Yukon Frost

Rex Begonias have striking, almost painted leaves making each plant unique. They make for a great garden plant in the shade as well as periods inside the home on display in pots or as a gift. Flowers are incidental with the leaves being the main showstopping performer.

Simply Beautiful Coleus

For lush foliage success <<

The Simply Beautiful range of coleus have uniquely coloured and shaped leaves that come in a variety of sizes, offering low-maintenance, high-impact colour for containers and landscapes.

They also bring seasonal colour as an indoor plant. The bold foliage colours mix well on their own or with other plants.

They prefer a sunny to part shade location with fertile well drained soil.

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Wizard® Coral Sunrise Wizard®
Velvet Red Heartbreaker

Grevillea ‘Carpet Layer’

is another one for the collection of free-flowering, low growing plants which cut out the extremes of ground temperature variation in summer—and do it beautifully.

Attractive divided foliage is festooned with large deep pink ‘toothbrush’ flowers, so large they dwarf some of the honey-eaters that crowd in for tucker during spring, summer & early winter. Happy in cool temperate, sub tropical and semi arid climates in moist well drained clay or sandy loams, neutral to low acid ph. Carpet Layer is very frost tolerant and quite likes a sea view.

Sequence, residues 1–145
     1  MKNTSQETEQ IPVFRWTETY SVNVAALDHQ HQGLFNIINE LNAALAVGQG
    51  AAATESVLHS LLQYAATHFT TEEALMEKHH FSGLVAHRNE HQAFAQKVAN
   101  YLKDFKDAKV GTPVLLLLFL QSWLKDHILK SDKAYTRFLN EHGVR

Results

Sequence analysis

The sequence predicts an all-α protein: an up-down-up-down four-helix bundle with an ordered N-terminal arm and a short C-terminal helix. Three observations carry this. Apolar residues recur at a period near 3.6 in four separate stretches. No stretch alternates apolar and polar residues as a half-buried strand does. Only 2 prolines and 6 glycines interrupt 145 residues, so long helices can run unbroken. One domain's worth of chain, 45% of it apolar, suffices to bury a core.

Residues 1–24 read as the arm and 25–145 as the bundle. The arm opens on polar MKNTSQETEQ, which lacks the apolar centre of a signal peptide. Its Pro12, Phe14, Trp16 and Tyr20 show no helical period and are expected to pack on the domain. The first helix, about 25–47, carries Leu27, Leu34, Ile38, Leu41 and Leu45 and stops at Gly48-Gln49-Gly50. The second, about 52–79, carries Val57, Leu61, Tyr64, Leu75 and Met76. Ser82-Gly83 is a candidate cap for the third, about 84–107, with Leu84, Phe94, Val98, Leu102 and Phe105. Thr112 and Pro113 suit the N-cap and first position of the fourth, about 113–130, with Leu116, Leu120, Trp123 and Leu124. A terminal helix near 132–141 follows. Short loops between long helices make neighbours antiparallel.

Lomandra filiformis

‘Bluey’is produced from a superior selection of seed grown Lomandra filiformis. This stout, wider leafed little lomandra, with a stunning blue appearance will be sure to fill gaps or visually please on mass in cottage, coastal and native gardens. Australian native success

Scaevola aemula ‘Purple Fanfare’

This attractive ground cover produces lush green foliage complimented with masses of fan-like flowers from spring to autumn. It is tough as old boots, ideal to add to rockeries, sloping sites and general garden planting where the dense mat of foliage can be free to grow. A plant that is adaptable to dry conditions once established.


Tongue orchid (Dendrobium linguiforme) has flat leaves and stunning, large sprays of white flowers, grows as an epiphyte (on trees) or lithophyte (on rock faces) and is hardy.

Most gardeners think of Australian natives as plants for outdoors, but here is a list of shade loving beauties for your indoor and shady area. Think of native plants; many go straight to grevilleas, banksia, kangaroo paw and many other sun-loving natives.